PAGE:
Liz Rosenberg's literary career has led her through many genres and settled her works onto many bookshelves. She has a fine reputation as a poet, is noted as the author of more than 20 books for children including "Adelaide and the Night Train". Her 2011 picture book,"Tyrannosauris Dad" was selected as a Children's Book of the Month Club bestseller, Her literary presence grew up with her readership with books for young adults, notably "17: A Novel in Prose Poems". She has written about women and Judaism in collaboration with Rivka Slonim, in "Total Immersion: A Mikvah Anthology". For more than 15 years she has been a book reviewer for the Boston Globe. And all this time Professor Rosenberg has been teaching creative writing at Binghamton University. She made a well-received move into adult fiction in 2009 with her novel "Home Repairs", which is set in the Binghamton region where she has lived for many years.
Her second novel, "The Laws of Gravity" contuinues to show her concern for and understanding of family dynamics. In this case, it is a prosperous Jewish family on Long Island's fashionable North Shore, where Liz was born and raised. Their happiness is fractured when Nicole Greene is diagnosed with leukemia and lymphoma and Nicole must turn to her cousin Ari, with whom she has had a special bond since childhood, to beg him to release umbilical cord blood that was taken after his wife had a child. But Ari feels that the blood was banked should it be needed by his own children (or, one can easily imagine, Ari himself). His reluctance isolates him within the family. His mother, Nicole's Aunt Patti, a professional actress and the family matriarch, tells her, "The purpose of family is to preserve life...We treat family members the way we're suposed to treat everyone else on the planet. Listen, Nikki -- if you died Ari would never forgive himself." But despite their closeness and the closeness of Ari's son Julian and Nicole's daughter Daisy, whose warm relationship replicates that of Nicole and Ari when they were young, Ari demurs.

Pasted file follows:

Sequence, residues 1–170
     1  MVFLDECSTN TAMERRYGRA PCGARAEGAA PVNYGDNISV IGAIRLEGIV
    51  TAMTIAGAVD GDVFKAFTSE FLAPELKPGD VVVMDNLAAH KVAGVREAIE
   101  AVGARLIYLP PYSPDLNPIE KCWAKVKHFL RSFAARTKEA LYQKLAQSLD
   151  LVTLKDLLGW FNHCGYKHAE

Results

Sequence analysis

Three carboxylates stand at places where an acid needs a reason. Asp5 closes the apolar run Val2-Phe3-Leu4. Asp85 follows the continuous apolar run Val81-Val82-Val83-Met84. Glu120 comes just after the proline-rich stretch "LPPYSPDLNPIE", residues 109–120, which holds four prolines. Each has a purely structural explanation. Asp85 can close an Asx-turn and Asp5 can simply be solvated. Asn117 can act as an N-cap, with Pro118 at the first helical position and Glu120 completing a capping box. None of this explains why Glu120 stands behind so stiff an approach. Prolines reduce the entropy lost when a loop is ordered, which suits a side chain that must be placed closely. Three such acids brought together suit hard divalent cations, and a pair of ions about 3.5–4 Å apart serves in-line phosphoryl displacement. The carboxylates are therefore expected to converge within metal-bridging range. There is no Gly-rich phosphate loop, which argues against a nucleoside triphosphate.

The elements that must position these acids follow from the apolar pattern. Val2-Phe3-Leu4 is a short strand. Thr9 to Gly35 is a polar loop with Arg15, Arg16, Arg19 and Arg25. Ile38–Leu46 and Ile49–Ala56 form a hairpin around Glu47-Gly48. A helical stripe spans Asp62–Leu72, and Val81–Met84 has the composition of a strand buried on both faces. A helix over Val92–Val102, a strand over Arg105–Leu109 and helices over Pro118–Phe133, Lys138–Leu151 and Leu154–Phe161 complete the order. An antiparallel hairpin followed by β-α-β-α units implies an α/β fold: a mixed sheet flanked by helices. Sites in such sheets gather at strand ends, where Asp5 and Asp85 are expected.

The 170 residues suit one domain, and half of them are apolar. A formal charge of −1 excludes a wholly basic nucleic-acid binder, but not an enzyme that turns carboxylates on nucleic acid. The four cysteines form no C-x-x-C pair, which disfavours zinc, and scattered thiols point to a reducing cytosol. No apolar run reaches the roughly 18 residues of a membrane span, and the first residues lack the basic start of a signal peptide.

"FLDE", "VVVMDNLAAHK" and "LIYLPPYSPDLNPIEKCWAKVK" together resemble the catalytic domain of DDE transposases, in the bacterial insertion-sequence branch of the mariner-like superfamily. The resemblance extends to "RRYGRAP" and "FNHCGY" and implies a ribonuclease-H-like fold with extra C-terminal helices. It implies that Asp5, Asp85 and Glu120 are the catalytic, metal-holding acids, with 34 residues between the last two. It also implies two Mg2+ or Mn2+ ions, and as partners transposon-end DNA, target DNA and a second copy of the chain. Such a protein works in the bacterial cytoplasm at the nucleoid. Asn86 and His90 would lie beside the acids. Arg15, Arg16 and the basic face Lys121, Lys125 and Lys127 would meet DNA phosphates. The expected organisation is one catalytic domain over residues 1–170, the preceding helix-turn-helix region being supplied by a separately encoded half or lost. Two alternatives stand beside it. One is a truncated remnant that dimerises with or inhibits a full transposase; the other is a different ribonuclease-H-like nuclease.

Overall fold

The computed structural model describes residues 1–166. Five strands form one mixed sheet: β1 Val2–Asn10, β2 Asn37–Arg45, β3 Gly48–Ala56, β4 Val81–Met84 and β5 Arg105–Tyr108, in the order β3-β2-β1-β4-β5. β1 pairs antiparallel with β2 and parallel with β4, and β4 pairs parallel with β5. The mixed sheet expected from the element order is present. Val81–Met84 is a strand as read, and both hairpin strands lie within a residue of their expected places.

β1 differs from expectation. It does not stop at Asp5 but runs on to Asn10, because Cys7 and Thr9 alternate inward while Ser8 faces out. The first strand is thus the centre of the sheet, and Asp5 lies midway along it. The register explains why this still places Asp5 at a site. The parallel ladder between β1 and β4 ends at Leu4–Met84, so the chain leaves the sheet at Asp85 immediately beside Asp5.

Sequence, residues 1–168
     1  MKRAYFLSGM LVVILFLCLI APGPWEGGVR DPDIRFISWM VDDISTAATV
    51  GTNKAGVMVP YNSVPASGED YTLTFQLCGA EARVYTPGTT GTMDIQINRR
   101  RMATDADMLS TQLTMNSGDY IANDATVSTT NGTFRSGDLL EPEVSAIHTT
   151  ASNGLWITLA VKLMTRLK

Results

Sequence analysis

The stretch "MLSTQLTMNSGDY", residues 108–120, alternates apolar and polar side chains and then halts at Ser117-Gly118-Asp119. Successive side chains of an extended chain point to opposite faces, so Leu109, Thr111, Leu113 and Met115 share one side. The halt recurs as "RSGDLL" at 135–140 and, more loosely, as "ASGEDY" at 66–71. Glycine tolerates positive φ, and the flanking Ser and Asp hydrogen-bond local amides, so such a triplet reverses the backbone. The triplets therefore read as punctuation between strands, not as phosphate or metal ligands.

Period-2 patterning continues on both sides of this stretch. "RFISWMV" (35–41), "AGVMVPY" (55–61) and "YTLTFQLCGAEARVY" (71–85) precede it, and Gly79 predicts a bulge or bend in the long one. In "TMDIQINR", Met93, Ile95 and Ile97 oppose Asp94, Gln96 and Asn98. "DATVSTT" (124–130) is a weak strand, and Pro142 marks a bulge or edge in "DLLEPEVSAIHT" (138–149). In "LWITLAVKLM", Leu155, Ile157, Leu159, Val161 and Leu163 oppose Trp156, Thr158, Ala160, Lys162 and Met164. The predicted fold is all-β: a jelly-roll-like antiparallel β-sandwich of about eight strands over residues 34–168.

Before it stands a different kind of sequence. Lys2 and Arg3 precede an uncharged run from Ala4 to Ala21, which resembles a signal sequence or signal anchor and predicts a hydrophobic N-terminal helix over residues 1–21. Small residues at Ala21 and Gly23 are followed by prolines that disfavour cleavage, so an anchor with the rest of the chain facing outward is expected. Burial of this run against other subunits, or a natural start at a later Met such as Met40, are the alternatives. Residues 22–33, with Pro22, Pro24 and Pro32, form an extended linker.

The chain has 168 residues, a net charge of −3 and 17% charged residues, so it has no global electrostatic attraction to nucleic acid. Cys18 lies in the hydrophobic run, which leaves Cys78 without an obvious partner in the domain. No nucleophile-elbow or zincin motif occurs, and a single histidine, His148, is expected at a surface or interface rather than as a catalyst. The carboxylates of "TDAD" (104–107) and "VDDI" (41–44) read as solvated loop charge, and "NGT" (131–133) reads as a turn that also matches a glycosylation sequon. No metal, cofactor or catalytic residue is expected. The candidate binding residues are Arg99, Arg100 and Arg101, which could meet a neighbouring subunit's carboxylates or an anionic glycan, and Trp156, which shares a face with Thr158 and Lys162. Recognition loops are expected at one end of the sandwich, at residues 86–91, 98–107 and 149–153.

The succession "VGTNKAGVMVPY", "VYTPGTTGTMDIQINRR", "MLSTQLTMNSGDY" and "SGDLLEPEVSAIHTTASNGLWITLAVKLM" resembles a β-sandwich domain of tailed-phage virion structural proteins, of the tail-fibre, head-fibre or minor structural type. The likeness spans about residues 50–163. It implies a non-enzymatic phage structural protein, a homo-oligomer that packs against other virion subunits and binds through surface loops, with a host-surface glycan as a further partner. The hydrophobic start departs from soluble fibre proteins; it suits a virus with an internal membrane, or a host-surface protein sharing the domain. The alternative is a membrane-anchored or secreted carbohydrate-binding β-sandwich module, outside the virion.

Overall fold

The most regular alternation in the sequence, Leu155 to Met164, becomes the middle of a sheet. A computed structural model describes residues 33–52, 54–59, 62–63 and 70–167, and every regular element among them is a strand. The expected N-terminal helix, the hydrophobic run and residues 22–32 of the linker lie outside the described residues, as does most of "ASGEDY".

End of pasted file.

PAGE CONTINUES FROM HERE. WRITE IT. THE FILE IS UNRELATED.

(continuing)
Nicole came down with bronchitis on the autumn day [she and Ari] were to have met. A freak snowstorm, a letter that gets stuck in a grate, a case of food poisoning, a cough, and history begins marching off in a different direction.
The chemotherapy had made Nicole more vulnerable to every bug, and whenever she got sick, the sickness seemed to hold on a lttle longer, a little tighter, like a burr. She called to reschedule the meeting with Ari, but when her cousin heard Nicole's scratchy voice on the phone it was with a kind of deep-down relief that he seized the opportunity to refuse. She didn't sound like herself, but like a stranger. You could say no to a stranger. --from "The Laws of Gravity"
So, with support from her husband as well as Ari's wife Mimi, Nicole sues to obtain the cord blood. The case is assigned to the court of New York Supreme Court Justice Solomon Richter, who will hear it as his last case before retirement, literally a Solomonic decision. "The Laws of Gravity" is well-researched and accurate in both medical and legal detail. It is also realistic in its human detail, in the contrasting roles of women and men, the lives of children, the play of religion and spirituality.